Cocaine, Opiates, and Ethanol in Homicides in New York City: 1990 and 1991

    Volume 40, Issue 3 (May 1995)

    ISSN: 0022-1198

    CODEN: JFSOAD

    Page Count: 4


    Leon, AC
    Professor, Assistant Professor, Assistant Professor, Senior Data Analyst, and Research Assistant, Cornell University Medical College, New York, New York

    Hirsch, CS
    Chief Medical Examiner and Director of Toxicology, Office of Chief Medical Examiner of New York City, New York, New York

    Tardiff, K
    Professor, Assistant Professor, Assistant Professor, Senior Data Analyst, and Research Assistant, Cornell University Medical College, New York, New York

    Portera, L
    Professor, Assistant Professor, Assistant Professor, Senior Data Analyst, and Research Assistant, Cornell University Medical College, New York, New York

    Stajić, M
    Chief Medical Examiner and Director of Toxicology, Office of Chief Medical Examiner of New York City, New York, New York

    Hartwell, N
    Professor, Assistant Professor, Assistant Professor, Senior Data Analyst, and Research Assistant, Cornell University Medical College, New York, New York

    Marzuk, PM
    Professor, Assistant Professor, Assistant Professor, Senior Data Analyst, and Research Assistant, Cornell University Medical College, New York, New York

    (Received 5 August 1994; accepted 17 August 1994)

    Abstract

    Studies using medical examiner cases are useful in monitoring drug use in special populations. This study assesses the presence of cocaine and its metabolite, benzoylecgonine (BE), opiates and ethanol in all homicide victims who were injured and who survived two hours or less after injury in 1990 and 1991 in New York City. There were 2824 homicides in the study period and cocaine and/or BE were found in 884 (31.3%) of cases. In over half of the cases positive for cocaine/BE, ethanol or opiates were found. African-Americans and Latinos were much more likely than whites or Asians to be positive for cocaine/BE. There were no differences between men and women in regard to being positive for cocaine/BE. Cocaine/BE was most frequently identified among victims 25 to 44 years of age. Males were more likely to be positive for ethanol. There were no differences among age groups or ethnic groups in regard to ethanol except for a very low ethanol incidence among Asians. Victims positive for cocaine/BE were more likely to be killed with firearms in open places. The percentage of victims positive for cocaine/BE remains approximately that found by other studies in the late 1980s, however, the percentage of opiate-positive homicides seems to be increasing. Opiates usually were found with cocaine/BE. Two-thirds of the cocaine and/or BE positive cases had cocaine present, thus they were under the influence of the drug at the time they were injured. The authors discuss how the use of cocaine, ethanol and opiates may be related to one's becoming a homicide victim.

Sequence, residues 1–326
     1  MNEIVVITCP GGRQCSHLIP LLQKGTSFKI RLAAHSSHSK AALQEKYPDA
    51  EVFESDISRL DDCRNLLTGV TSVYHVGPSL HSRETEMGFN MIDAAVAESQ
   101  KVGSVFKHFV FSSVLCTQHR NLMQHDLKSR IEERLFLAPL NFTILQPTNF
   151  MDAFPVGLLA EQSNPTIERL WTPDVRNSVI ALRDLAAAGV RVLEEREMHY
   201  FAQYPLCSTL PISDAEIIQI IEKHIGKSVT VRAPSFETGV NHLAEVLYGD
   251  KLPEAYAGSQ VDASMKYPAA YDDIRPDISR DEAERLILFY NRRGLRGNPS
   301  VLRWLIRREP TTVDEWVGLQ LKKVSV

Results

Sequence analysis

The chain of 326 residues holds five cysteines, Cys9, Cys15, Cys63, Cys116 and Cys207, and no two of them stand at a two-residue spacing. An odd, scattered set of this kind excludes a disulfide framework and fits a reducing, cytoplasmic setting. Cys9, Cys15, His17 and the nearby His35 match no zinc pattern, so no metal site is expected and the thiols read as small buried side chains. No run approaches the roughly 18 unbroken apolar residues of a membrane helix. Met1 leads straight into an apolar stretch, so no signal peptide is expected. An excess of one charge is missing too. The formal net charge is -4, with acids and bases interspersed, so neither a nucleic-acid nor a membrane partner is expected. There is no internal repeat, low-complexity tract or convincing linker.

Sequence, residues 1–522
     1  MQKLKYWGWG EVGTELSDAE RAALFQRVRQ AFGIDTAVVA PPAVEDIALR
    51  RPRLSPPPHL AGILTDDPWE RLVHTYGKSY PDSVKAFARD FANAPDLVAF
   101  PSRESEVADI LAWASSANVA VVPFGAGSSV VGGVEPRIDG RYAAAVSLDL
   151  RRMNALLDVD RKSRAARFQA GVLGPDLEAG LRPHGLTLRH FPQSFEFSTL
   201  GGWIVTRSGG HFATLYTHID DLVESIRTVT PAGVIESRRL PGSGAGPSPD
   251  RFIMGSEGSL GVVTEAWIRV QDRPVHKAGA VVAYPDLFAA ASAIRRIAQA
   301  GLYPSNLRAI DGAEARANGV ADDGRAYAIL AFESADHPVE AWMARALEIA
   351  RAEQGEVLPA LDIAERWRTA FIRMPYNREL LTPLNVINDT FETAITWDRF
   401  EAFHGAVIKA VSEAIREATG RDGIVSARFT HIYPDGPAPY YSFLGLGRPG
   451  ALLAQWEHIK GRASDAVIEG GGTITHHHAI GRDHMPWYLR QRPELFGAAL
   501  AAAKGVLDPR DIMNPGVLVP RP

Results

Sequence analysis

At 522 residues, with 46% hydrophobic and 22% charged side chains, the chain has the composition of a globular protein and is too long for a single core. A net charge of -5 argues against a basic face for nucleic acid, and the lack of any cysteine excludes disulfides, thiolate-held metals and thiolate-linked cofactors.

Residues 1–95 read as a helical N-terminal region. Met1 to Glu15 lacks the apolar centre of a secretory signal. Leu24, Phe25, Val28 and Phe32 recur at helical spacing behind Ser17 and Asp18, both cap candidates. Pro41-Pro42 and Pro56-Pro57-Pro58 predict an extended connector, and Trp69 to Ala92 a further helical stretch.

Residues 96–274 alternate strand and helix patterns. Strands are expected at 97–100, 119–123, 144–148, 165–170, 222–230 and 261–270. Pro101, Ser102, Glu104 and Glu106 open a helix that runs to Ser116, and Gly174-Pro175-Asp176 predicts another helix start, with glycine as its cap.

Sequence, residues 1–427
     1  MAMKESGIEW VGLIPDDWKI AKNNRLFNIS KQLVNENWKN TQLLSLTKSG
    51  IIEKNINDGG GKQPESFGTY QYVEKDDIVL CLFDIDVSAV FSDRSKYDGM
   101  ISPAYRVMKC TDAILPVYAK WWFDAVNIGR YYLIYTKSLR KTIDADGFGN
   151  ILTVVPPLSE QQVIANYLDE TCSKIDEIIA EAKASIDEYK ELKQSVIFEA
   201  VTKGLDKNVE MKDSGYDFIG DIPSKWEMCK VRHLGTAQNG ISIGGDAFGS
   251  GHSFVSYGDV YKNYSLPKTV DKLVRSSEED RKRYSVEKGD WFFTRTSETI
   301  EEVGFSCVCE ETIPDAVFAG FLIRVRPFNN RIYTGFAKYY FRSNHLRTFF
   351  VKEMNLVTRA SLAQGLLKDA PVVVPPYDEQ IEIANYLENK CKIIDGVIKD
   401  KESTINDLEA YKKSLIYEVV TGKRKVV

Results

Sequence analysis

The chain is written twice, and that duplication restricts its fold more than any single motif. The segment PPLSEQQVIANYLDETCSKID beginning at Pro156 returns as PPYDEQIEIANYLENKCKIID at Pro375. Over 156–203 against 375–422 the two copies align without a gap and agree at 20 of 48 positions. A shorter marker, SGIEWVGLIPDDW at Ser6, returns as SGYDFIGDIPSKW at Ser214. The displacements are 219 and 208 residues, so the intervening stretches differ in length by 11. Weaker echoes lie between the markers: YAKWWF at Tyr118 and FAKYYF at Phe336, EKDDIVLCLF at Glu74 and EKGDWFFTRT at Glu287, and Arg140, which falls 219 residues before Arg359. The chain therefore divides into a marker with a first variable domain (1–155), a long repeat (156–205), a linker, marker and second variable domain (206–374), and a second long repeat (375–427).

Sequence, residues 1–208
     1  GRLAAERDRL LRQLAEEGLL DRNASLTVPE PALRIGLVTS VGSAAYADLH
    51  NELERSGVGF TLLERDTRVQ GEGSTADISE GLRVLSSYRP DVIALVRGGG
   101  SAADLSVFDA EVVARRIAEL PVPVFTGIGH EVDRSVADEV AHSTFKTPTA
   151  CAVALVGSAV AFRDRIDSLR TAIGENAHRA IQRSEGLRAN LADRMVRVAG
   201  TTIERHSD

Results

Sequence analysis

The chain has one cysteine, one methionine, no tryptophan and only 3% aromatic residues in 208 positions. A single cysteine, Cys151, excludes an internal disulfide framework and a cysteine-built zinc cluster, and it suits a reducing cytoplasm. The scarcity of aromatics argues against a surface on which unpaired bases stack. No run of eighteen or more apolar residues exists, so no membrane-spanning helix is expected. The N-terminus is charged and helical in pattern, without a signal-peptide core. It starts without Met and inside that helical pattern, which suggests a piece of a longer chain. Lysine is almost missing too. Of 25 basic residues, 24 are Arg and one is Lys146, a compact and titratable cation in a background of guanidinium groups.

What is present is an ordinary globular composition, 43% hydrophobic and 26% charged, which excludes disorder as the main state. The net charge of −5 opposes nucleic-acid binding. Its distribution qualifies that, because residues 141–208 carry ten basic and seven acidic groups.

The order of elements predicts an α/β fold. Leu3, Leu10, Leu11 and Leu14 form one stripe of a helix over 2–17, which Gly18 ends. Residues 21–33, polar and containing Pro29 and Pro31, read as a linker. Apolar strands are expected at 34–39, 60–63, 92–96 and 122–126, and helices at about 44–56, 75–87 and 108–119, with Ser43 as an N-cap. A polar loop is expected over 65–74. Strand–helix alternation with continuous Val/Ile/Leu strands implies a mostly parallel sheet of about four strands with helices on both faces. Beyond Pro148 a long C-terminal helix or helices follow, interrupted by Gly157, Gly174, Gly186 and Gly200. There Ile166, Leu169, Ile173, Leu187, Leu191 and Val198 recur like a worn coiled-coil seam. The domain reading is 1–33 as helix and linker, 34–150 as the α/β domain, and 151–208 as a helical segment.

Paper ID: JFS13792J

    DOI: 10.1520/JFS13792J

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    Title Cocaine, Opiates, and Ethanol in Homicides in New York City: 1990 and 1991
    Symposium , 0000-00-00
    Committee E30